What is LEED®? PDF Print E-mail
Thursday, 11 March 2010 11:39
The Leadership in Energy and Environmental Design (LEED) Green Building Rating System™ is the nationally accepted benchmark for the design, construction, operation and performance of commercial buildings as well as homes.  It was developed almost ten years ago by the United States Green Building Council ( www.usgbc.org )and is rapidly becoming the Green Building Rating system that many progressive US  government municipalities from state to local level, as well as international, are requiring their buildings to be built to these exacting sustainable standards that reduce site disturbance, and energy and water consumption while using local and sustainable building practices and no-toxic materials, creating a healthy indoor and outdoor environment for all.
Last Updated on Tuesday, 17 August 2010 14:41
An Old Farmhouse Gets a Fresh Start PDF Print E-mail

In a time when consumers have started to become more environmentally responsible and think in terms of recycling and reusing, at least one home in Pike County evokes an era when people thought that way out of necessity and frugality.  Currently a llama farm, Foster Hill Farm in Milford Township was established in the 19th century and has undergone several interesting transitions.

Romancing the Planet PDF Print E-mail

You’ve all heard about Global Warming and other environmental problems, but what are you actually doing to help improve our precious planet?  If you think you are too small to help, you are so wrong.

Greenhouse gases aren’t just coming from big factories; they are coming from all of us.  The US generates over seven billion tons per year; that’s twenty tons per American.  Did you know that 51% of our nation’s energy still comes from coal?  Did you know you could source out cleaner energy, like wind power, and choose where your electricity comes from?

When you go to run errands, you can start contributing less to greenhouse gases by trying to get everything you need in one big trip rather than several small trips all week long.  Do we really need that gas guzzling SUV for running to the grocery store?  Did you know that only 10% of SUVs capable of four-wheel drive ever need or use it?  It always amazes me that my ice fishing friends complain about global warming and the fact that the lakes don’t freeze over for them to fish anymore as they drive around town in their large trucks and SUVs.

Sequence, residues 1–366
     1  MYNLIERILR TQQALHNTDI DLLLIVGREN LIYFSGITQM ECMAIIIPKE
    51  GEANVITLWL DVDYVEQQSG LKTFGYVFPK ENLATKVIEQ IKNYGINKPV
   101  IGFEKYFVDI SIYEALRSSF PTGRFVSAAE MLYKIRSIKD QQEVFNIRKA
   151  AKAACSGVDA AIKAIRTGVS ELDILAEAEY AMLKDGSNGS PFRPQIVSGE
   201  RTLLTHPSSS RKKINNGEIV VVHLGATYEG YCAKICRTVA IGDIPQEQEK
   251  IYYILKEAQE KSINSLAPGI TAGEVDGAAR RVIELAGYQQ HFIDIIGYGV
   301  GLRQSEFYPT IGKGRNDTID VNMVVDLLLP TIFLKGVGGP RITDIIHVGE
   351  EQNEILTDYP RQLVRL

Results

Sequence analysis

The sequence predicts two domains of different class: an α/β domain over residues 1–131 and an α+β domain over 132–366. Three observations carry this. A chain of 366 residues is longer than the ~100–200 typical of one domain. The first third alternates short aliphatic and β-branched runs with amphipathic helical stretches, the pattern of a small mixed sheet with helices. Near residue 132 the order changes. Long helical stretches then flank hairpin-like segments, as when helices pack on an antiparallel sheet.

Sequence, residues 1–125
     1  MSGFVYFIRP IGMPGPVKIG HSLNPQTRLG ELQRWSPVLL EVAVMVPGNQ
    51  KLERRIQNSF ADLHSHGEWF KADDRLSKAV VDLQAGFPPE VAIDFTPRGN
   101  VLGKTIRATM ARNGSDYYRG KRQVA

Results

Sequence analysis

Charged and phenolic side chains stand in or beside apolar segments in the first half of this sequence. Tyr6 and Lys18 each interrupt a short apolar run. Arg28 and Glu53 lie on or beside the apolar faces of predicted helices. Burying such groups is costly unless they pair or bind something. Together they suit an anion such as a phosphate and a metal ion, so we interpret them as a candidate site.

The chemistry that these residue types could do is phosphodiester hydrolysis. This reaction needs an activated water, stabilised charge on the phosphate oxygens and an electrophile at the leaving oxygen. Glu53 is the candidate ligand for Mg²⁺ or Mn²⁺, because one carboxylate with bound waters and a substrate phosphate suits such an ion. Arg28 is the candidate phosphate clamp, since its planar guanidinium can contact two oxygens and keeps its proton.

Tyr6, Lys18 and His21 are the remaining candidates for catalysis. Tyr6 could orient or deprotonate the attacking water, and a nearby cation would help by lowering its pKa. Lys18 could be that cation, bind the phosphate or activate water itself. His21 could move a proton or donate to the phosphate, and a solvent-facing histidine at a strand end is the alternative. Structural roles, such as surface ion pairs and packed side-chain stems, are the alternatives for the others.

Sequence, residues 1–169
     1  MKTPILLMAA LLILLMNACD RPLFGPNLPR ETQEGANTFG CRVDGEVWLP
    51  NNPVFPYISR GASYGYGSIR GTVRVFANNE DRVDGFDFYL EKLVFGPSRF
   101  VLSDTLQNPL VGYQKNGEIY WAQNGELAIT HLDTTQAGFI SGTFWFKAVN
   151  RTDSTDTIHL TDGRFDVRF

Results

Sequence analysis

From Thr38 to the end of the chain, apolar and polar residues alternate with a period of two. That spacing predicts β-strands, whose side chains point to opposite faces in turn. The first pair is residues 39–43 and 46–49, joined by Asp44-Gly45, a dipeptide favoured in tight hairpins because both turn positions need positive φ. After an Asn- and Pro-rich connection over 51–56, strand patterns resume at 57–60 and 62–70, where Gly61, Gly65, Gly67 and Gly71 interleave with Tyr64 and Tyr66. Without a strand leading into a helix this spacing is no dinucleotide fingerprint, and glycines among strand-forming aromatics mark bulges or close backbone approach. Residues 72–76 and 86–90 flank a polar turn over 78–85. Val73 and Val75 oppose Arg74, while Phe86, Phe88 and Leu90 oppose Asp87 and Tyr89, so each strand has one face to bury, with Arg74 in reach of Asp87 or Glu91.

Natural Remedies for Cold and Flu Season PDF Print E-mail
Written by Allison Mowatt   
Monday, 01 March 2010 15:19

As beautiful and magical the crisp, clear air may seem, it's also the time of year many people fall victim to colds and viruses that knock us down when we least expect it and especially when we don't have time for it!


There are ways to battle these pesky infections naturally and in the comfort of your own home if you'd rather not use over the counter medication.  Natural remedies have been helping people feel better for generations.  There is some truth to the old adage that chicken soup is good for the soul and is one of the leading "cure alls" for colds and other infections.


Follow these tried and true natural home remedies for relieving cold and flu symptoms and you'll soon be out of bed and back in action in no time:

Last Updated on Monday, 01 March 2010 15:26
Natural Stain Removers PDF Print E-mail
Written by Lisa Alexander   
  • Beer (or most liquors): For washable fabrics, pre-soak in cold water, then wash in natural soapy water like castile soap.
  • Blood: For a little spot, you can actually spot treat with your own spit. For bigger stains, rinse with cold water, then soak in a solution of 3 Tb of ammonia to 1 gal of cool water for an hour. Then wash as normal.
  • Candle wax: Let the wax cool and remove with a dull knife. Place a paper towel on either side of the stain and press with a warm iron. Wash away any color stains with natural castile soap and baking soda in hot water.
  • Chewing gum: Apply ice until the gum hardens and then scrape the gum off with a knife. Next, soak the stain in a mixture of water and liquid detergent.
  • Chocolate: Soak the stain in a mixture of 4 Tb of borax and 2 1/2 cups of warm water.
  • Coffee or tea: Stretch the fabric over a bowl. Pour boiling water (use your coffee maker or hot pot) through the stain from a height of about 3 ft.
  • Lipstick: Rub with white vinegar and rinse.
  • Sweat: Soak the stain in salt water for an hour. Next, rub a half and half solution of white vinegar and water on the stain. Rinse well and wash.
  • Tomato sauce: Soak in cool water for about half an hour. Apply a salt and let set then rinse, then apply clear vinegar and rinse.
  • Wine: For white and red wines, soak the area with sparkling water as soon as you can. Pour salt over the stain and then stretch it over a bowl. From a height of about a foot, pour boiling water through the stain.
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